The Shadow Health Secretary writes for The Telegraph about a new way of paying drug companies through NICE, the National Institute for Health and Clinical Excellence. These are his key messages:
The general problem: "In Britain, we have among the leading cancer research institutes in Europe. It is, frankly, a scandal that NHS patients are among those in Europe least likely to have access to the latest cancer medicines. The doubling of the NHS budget has not delivered the results we deserve, because across the board Labour have refused to make the changes we need to spend money more wisely."
One solution to drug unavailability: " Instead of the NHS denying access to drugs because they say it’s not cost-effective – as Nice has done recently with four kidney cancer drugs – we should encourage the NHS to use new medicines which are clinically effective, and agree subsequently to pay the drugs companies according to the therapeutic benefit. In other words, drugs companies should only be paid according to the benefits that a drug brings to patients. NICE should be involved in this process, working with drug companies to set fair prices for new medicines – rather than refusing new treatments which it deems too expensive."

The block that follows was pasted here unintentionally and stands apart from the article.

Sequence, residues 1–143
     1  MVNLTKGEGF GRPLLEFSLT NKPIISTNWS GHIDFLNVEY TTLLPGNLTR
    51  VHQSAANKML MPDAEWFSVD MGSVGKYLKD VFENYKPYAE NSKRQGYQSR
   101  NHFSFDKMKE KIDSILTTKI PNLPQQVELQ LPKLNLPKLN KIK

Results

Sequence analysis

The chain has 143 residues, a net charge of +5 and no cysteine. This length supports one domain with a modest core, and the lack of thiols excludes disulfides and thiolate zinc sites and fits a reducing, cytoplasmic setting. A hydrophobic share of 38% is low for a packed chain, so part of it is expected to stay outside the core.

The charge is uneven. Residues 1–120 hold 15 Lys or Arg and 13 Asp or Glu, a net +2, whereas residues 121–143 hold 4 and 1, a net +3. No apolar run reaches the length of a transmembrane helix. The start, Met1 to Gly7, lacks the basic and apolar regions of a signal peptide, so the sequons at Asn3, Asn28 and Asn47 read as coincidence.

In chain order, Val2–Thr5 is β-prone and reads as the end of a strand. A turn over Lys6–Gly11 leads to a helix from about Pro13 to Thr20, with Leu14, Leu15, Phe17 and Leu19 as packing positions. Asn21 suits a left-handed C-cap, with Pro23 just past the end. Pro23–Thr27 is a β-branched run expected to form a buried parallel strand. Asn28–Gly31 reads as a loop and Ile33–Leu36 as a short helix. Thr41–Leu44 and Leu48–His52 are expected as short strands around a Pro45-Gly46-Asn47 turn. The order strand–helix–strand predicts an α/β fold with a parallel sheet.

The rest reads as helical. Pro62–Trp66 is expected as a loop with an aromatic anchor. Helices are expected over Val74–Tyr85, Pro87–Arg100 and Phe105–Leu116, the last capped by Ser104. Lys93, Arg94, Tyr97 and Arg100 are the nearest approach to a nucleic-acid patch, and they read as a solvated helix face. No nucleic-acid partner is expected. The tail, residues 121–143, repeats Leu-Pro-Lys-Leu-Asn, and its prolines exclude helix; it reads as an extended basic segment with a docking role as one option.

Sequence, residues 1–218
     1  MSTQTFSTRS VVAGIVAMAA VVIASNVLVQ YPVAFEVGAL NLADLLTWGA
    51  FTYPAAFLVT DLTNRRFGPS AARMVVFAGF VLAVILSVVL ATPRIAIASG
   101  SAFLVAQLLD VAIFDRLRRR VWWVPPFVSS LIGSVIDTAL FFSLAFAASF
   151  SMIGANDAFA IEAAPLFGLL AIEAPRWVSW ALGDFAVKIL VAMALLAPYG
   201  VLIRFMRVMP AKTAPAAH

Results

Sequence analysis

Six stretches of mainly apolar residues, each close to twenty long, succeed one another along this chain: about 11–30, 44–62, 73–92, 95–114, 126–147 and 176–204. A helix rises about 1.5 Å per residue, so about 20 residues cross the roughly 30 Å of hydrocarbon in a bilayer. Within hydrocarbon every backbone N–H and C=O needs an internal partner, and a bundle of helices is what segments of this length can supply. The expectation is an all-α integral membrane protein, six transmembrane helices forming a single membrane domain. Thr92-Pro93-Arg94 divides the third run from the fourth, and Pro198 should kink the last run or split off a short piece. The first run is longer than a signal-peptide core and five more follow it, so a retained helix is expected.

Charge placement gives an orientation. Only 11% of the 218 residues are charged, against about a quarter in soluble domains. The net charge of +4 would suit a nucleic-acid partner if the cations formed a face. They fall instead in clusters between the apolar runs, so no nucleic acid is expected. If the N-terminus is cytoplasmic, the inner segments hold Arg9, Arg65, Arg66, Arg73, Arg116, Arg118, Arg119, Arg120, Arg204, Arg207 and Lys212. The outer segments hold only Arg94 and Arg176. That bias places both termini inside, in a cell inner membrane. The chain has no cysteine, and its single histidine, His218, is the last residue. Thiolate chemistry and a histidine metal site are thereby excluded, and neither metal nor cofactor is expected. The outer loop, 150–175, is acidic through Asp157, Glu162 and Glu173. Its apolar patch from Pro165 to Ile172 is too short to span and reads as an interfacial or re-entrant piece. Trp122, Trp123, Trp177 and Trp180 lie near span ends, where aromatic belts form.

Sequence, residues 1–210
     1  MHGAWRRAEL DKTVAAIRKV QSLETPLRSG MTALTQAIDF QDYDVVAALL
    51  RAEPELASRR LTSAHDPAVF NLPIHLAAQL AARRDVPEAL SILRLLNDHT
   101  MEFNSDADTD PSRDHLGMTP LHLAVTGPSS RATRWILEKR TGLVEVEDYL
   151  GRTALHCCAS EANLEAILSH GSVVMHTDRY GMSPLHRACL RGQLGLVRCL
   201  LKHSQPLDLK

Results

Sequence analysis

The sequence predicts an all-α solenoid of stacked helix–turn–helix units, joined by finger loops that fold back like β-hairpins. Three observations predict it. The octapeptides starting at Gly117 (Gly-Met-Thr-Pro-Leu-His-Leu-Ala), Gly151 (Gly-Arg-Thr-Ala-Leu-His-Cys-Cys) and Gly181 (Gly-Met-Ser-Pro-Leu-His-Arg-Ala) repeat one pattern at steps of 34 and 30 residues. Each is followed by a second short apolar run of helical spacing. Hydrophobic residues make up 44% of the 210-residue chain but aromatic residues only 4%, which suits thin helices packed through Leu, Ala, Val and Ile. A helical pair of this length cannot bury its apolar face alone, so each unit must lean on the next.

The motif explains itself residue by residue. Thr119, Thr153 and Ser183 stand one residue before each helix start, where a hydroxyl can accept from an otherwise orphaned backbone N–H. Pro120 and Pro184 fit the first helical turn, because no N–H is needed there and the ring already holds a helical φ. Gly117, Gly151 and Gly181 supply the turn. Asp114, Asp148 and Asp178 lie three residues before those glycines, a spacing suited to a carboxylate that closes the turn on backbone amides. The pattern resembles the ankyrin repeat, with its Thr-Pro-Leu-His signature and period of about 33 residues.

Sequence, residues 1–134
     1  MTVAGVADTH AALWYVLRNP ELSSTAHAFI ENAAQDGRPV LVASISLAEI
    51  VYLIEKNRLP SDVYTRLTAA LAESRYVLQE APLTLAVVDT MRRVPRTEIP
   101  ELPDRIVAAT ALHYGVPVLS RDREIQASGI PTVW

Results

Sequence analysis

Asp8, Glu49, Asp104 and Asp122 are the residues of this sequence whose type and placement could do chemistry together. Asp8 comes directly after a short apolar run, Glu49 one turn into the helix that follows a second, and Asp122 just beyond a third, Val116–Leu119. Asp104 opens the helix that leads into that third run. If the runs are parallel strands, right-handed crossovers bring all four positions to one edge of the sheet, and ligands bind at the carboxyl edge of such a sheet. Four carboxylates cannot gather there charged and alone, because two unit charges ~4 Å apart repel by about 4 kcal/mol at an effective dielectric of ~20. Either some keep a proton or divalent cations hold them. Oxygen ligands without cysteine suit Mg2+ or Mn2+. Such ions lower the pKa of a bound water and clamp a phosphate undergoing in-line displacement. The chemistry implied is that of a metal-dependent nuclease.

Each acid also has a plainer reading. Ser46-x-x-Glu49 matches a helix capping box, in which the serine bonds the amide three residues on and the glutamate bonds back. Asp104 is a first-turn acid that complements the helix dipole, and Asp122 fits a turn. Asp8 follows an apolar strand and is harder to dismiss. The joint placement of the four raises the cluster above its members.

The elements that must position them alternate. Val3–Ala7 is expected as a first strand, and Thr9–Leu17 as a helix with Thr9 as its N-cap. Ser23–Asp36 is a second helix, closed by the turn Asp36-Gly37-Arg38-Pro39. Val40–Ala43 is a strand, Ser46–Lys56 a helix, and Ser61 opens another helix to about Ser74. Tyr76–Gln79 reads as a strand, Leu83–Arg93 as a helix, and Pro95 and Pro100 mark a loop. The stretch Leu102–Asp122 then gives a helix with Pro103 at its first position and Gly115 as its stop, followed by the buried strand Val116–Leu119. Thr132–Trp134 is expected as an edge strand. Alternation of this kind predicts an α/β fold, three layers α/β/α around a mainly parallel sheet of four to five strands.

Not all drug companies will like this change of policy: "Moving to the new system that I propose would be tough; it will mean payment by results for drug companies. Many existing drug treatments will get a lower price from the NHS. Really innovative drugs with good clinical benefits will do better. "